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Sometimes adjectives can be placed directly after a non-copular verb or verb phrase:

We would swim naked every day.

They got married young.

He walked barefoot on the still charring coal.

In these examples, the complementary adjectives and the verbs concur, but the verbs themselves are not the copulae that connect the adjectives to the subjects. Instead, the verbs express actions or states that are independent of the adjectives. Essentially these examples could be paraphrased as follows:

We would swim every day and we would be naked doing so.

They got married and they were young doing so.

He walked on the still charring coal and he was barefoot doing so.

What is this usage called, in grammatical terms? I'd like to learn more about the thinking and rules behind this sort of construction.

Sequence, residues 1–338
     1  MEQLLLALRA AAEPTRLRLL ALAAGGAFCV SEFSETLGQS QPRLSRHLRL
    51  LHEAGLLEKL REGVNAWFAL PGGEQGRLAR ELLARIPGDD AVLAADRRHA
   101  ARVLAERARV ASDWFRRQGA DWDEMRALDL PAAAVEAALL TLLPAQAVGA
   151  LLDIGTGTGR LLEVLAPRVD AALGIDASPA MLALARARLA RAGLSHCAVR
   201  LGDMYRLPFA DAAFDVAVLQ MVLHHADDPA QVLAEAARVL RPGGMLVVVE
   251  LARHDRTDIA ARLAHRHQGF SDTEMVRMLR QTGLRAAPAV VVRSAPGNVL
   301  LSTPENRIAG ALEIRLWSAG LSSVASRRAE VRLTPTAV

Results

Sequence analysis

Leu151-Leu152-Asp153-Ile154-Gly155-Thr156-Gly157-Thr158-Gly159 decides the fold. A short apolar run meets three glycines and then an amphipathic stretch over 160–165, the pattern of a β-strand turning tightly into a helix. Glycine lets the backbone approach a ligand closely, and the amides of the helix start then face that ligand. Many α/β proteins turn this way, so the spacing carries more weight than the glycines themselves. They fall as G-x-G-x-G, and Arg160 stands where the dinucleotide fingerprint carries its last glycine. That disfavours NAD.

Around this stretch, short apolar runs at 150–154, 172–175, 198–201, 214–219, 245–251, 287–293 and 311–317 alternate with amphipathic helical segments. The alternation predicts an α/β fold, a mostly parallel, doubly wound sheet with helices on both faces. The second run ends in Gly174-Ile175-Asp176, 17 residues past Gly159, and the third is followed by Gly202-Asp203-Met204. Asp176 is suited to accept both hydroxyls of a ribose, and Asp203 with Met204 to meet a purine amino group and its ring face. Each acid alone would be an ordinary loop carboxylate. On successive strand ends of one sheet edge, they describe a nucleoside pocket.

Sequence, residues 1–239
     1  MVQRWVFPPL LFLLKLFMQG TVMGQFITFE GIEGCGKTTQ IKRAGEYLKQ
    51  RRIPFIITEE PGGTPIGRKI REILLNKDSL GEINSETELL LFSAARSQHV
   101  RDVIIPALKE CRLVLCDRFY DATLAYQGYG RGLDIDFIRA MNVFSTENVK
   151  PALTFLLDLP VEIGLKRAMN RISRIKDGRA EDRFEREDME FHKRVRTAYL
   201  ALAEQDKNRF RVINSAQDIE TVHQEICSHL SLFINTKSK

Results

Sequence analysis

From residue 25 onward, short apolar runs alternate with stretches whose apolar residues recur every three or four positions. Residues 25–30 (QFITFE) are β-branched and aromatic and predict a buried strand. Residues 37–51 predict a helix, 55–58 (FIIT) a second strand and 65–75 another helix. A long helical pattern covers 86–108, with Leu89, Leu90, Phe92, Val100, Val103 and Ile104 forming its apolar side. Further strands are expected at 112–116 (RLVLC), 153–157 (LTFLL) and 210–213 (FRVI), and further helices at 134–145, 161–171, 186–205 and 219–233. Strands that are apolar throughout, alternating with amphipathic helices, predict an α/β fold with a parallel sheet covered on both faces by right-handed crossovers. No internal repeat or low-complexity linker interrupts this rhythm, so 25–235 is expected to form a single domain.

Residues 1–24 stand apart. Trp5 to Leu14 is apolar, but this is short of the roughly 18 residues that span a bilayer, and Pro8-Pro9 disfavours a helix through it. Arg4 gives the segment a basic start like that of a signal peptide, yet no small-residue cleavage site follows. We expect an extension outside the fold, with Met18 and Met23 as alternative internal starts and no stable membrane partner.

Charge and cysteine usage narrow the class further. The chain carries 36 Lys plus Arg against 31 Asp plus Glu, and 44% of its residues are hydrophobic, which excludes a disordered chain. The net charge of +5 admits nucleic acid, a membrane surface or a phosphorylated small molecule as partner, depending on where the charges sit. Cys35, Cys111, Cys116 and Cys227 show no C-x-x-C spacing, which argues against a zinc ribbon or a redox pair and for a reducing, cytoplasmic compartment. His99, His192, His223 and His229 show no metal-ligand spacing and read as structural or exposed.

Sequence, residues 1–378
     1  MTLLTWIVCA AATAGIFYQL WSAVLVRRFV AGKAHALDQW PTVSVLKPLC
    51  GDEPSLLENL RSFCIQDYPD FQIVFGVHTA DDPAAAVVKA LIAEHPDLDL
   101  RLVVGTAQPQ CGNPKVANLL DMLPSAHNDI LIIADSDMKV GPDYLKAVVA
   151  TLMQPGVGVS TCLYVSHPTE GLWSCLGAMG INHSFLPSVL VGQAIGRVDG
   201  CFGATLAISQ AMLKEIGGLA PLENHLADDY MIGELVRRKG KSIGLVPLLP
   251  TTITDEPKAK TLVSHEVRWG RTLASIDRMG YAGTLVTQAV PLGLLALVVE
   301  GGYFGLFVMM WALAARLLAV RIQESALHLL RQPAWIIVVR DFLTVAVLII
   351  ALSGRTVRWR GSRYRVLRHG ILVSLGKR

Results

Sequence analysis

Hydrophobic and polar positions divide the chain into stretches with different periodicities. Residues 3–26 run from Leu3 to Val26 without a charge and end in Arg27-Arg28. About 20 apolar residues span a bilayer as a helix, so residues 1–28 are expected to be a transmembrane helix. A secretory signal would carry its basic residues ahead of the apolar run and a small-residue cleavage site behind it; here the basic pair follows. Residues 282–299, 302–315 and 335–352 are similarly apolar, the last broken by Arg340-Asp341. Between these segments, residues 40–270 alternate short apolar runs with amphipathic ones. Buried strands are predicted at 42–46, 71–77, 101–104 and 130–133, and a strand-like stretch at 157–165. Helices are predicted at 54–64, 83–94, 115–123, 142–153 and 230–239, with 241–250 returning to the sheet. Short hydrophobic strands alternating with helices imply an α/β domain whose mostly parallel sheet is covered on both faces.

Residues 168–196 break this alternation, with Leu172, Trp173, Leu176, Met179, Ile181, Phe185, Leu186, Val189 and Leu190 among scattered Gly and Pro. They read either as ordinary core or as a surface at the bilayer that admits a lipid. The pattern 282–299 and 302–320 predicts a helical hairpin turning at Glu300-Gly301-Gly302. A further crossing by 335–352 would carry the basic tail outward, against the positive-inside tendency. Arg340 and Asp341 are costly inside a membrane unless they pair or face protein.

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2 Answers 2

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The term 'secondary predicate' is a very general term, whereas the term 'predicative adjunct' is spot-on and more precise. In a tree diagram, the function of the adjectives in your examples would be labelled adjuncts.                                                                                                                                                             – BillJ

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Thanks to BillJ's comment, I Googled "predicative adjunct" and got this this among the results, which suggests "secondary predicate". So "secondary predicate" it is, then.

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    The term 'secondary predicate' is a very general term, whereas the term 'predicative adjunct' is spot-on and more precise. In a tree diagram, the function of the adjectives in your examples would be labelled adjuncts.
    – BillJ
    Mar 10, 2023 at 10:56
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    @BillJ Apart from “married”, which is a Complement. Mar 10, 2023 at 18:02
  • @Araucaria-Nothereanymore. Of course, but we're not talking about "married" here, but about "young" which is just as much an adjective functioning as an adjunct as "naked" and "barefoot" are.
    – BillJ
    Mar 14, 2023 at 9:35
  • @BillJ Ah, yes. Wasn't thinking straight. Mar 14, 2023 at 12:24

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